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He really was Italian—in fact the only real Italian gondolier in the whole operation, he told us, but somehow when we stopped to get ice cream on the way back to our hotel I felt like Rocco, who is only 1/8 Italian, just seemed just a little bit more Italian.

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Not seeing it?  How’s this:

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Someone should definitely uninstall Photoshop from my computer.  I’m starting to get creepy.  But not as creepy at the Italian guy with a baby face picture above…

 

*We looked it up and didn’t see his name in the credits, but a big star like him probably has a stage name.

Vegas-versary

So one reason we went to Vegas was to celebrate our tenth anniversary (again—and we’re going to do it again, so DEAL with it).  On Friday evening with left the kids with Kevin’s parents and went out to a Cirque du Soleil show.  I slipped into this super expensive $15 dress I found at Ross and Kevin slipped into a shirt that had at least one button on it, thus passing the “going out clothes” test.

If you’ll remember back to Monday’s post about how many shoes you should bring on a three day trip to Las Vegas (five), you’ll notice Kevin did not pack correctly.  He is wearing the one and only pair of shoes he brought on the trip.  And as for pants…pffft.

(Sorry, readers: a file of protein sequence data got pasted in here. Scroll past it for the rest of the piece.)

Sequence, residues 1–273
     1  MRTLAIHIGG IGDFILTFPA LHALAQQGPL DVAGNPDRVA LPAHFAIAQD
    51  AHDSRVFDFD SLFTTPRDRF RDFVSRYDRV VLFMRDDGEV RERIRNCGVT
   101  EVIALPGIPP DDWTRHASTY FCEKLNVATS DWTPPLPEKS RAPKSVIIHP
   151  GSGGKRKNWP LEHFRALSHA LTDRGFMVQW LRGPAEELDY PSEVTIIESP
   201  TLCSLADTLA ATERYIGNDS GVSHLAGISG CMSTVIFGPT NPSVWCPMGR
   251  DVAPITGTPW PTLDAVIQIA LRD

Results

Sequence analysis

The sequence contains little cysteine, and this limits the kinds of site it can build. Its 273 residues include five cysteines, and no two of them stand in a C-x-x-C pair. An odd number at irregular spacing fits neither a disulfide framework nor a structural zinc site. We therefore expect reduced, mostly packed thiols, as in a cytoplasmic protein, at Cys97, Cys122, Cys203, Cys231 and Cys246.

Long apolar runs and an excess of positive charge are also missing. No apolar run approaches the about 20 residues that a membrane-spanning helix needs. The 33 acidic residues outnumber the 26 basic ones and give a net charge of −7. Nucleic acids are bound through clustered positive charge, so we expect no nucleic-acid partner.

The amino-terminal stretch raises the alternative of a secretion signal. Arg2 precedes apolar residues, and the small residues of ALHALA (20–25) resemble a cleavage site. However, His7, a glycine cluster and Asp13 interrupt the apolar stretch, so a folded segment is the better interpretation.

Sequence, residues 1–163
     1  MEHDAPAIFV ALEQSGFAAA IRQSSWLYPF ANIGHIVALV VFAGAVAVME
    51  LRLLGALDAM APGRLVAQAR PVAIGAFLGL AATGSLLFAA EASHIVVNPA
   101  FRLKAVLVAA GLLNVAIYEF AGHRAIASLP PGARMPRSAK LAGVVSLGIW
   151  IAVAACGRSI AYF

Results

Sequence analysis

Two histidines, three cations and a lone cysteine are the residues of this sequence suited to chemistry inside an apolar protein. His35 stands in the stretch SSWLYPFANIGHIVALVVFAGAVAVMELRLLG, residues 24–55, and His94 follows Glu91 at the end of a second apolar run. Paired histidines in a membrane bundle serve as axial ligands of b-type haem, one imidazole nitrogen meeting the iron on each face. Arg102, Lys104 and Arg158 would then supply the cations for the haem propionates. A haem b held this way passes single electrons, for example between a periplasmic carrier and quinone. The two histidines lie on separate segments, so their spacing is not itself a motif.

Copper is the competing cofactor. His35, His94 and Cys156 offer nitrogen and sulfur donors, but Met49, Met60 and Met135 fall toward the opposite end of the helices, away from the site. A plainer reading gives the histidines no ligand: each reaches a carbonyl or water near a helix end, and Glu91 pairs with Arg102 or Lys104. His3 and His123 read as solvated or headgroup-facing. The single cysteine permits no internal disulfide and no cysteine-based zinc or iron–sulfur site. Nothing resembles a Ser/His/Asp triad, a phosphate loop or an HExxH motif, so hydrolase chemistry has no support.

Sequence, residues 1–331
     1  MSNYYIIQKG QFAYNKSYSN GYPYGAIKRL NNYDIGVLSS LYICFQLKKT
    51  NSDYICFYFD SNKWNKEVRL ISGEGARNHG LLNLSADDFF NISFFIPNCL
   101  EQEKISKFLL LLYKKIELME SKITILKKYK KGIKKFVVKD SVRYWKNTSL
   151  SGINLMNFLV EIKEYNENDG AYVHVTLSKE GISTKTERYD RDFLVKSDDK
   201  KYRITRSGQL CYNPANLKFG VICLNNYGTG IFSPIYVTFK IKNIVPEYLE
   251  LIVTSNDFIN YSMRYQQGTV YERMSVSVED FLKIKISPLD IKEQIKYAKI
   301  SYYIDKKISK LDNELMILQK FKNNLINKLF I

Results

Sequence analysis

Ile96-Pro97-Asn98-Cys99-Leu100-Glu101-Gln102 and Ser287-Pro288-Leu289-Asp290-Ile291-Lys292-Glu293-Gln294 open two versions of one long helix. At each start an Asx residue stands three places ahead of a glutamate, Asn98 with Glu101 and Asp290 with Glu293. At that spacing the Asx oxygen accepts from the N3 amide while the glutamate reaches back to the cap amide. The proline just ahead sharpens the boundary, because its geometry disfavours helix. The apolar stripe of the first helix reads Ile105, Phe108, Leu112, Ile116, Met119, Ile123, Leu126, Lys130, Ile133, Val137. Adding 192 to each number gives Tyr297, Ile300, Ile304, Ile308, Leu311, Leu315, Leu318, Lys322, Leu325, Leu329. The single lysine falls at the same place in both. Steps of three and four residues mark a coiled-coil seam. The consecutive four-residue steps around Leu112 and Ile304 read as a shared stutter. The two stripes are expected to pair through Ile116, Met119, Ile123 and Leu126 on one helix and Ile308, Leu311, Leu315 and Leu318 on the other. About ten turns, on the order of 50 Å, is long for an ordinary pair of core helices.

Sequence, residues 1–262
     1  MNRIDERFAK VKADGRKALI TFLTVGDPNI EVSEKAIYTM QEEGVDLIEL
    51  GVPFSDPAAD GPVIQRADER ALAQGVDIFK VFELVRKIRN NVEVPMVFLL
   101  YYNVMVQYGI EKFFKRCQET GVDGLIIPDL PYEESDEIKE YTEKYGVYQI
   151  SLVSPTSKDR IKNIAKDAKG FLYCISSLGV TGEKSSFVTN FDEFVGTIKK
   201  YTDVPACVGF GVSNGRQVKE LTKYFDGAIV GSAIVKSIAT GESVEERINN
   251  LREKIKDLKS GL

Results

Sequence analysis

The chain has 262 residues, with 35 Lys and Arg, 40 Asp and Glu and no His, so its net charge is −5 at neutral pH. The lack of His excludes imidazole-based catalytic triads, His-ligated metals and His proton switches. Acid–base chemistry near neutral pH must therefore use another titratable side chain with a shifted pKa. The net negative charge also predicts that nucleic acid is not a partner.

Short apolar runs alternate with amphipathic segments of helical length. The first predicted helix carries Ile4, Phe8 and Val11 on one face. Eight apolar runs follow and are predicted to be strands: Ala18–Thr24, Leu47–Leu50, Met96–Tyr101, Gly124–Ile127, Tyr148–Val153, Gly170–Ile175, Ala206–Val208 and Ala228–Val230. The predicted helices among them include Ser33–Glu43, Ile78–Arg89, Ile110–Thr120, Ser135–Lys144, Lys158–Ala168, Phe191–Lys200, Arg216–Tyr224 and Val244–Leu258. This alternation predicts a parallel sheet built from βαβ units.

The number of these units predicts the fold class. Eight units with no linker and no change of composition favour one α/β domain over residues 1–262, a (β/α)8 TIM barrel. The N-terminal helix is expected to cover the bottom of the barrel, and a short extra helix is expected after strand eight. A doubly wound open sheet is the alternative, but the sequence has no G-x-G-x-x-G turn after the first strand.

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It is a good thing that, after ten years of marriage, our relationship has evolved to the point where I am competent enough on Photoshop to fix this picture.

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But unfortunately our relationship has not evolved far enough that I do not take great pleasure in making fun of my husband and finding new ways to teach him to NEVER MAKE THIS MISTAKE AGAIN.

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In fact, I might even use this picture for our Christmas Card this year.

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Although I have to admit, this last one here is my favorite.  (Probably his too.)

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I am embarrassed to say how much time I spent deleting Kevin’s legs from this picture and then searching the interwebs for other legs I could swap in for his.  I have seen some STUFF, people.  Legs are a scary thing to search for.  Don’t do it.  I think next time I’ll just save myself the trouble and fix his pantsless, flip-floppy legs this way:

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The things we do for the ones we love.

What happens in Vegas….

…is likely to end up on MrsMouthy’s blog—if, that is, she has traveled there recently, which happens to be the case today.  To make up for my summer blog slacking I’ll stretch Vegas out over this whole week, starting with today’s Q and A post.

Question: How many pairs of shoes does one bring to Vegas for a two-day, three-night stay?

Answer:

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They are, from right to left: flip-flops, flats, running shoes, heels that are okay for walking, and heels that are horrendous for walking or even standing in but which make your legs the length God truly meant them to be

 

Q: Which pair of shoes do you wear on the plane?